Indirect observation Observing users in natural environment without distraction Quantitative (logging) and qualitative (diary) Can be long due to automative recording Large amounts of data implies need for tools to support analysis, participants may exaggerate memories

# Running the interview

Before starting, make sure that the goals of the interview have been explained to the interviewee and that they are willing to proceed. Listen more than talk, repond with sympathy but without bias, and to appear to enjoy the interview.

  1. Intro
    • interviewer introduces themselves
    • explain why you’re doing the interview
    • reassure interviewee re: ethical issues
    • ask interviewee if they mind being recorded
  2. Warm-up session
    • easy, nonthreatening questions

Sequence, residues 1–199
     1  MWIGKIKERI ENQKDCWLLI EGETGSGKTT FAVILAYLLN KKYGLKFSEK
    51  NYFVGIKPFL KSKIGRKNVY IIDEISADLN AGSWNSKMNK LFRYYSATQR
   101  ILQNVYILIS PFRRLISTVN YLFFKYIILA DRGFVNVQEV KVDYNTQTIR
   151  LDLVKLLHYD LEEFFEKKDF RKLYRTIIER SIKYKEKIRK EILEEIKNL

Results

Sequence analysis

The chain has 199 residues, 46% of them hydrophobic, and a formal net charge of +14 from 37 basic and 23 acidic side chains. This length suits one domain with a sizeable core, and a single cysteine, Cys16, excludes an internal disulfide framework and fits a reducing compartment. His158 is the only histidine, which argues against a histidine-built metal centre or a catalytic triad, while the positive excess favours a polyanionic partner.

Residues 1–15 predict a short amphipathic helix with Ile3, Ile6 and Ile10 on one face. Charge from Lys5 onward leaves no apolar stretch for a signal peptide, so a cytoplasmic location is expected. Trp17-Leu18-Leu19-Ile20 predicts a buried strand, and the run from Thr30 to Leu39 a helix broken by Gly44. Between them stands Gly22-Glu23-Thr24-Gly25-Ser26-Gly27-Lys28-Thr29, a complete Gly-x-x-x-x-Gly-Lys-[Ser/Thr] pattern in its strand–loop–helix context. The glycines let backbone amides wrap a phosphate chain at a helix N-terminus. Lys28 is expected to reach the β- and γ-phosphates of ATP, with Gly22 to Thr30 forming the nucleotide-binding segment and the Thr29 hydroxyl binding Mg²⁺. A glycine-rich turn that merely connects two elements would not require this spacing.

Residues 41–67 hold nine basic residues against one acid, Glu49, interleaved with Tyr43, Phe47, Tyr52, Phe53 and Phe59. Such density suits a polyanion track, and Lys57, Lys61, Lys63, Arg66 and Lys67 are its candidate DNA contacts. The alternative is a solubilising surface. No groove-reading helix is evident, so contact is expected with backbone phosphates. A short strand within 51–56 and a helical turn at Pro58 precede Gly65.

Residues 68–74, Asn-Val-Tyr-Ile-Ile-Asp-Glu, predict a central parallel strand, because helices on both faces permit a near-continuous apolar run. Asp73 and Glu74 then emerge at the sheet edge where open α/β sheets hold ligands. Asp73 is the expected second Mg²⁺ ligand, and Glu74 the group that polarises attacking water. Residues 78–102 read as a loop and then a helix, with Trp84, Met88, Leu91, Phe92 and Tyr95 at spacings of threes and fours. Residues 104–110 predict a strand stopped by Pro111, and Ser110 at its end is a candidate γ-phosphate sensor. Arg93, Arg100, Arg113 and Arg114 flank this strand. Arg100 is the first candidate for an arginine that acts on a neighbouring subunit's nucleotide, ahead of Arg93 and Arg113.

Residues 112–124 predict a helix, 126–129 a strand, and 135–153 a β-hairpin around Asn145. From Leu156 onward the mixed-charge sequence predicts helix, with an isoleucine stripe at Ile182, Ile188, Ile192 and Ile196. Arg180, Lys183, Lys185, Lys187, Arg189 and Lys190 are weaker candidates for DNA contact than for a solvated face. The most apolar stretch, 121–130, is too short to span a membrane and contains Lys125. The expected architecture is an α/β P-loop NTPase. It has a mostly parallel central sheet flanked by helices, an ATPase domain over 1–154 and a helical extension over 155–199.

3. Main session
    • questions presented in logical sequence
    • probing questions at the end
    • order may vary in semi-structured interview
  4. Cooling-off period
    • easy questions to defuse any tension
  5. Closing session
    • interviewer thanks interviewee
    • switch off recorder or put notebook away

# Observation

Users may be observed directly by the investigator as they perform their activities or indirectly through records of the activity that are studied afterward.

Observation can also result in a lot of data to sift through and can be complicated to do well than at firs appreciated. As such, a clearly stated goal is important to have focus for an observation session.

Example frameworks:

3 common approaches

  1. Simple observation: user is given a task, the evaluator just watches. This gives no insight into users’ decision process
  2. Think aloud: subjects asked to say what they are thinking/doing. However, its hard to talk while concentrating and thinking may alter the way people naturally perform the task.
  3. Co-discovery learning: two people work together on a task and normal conversation is monitored.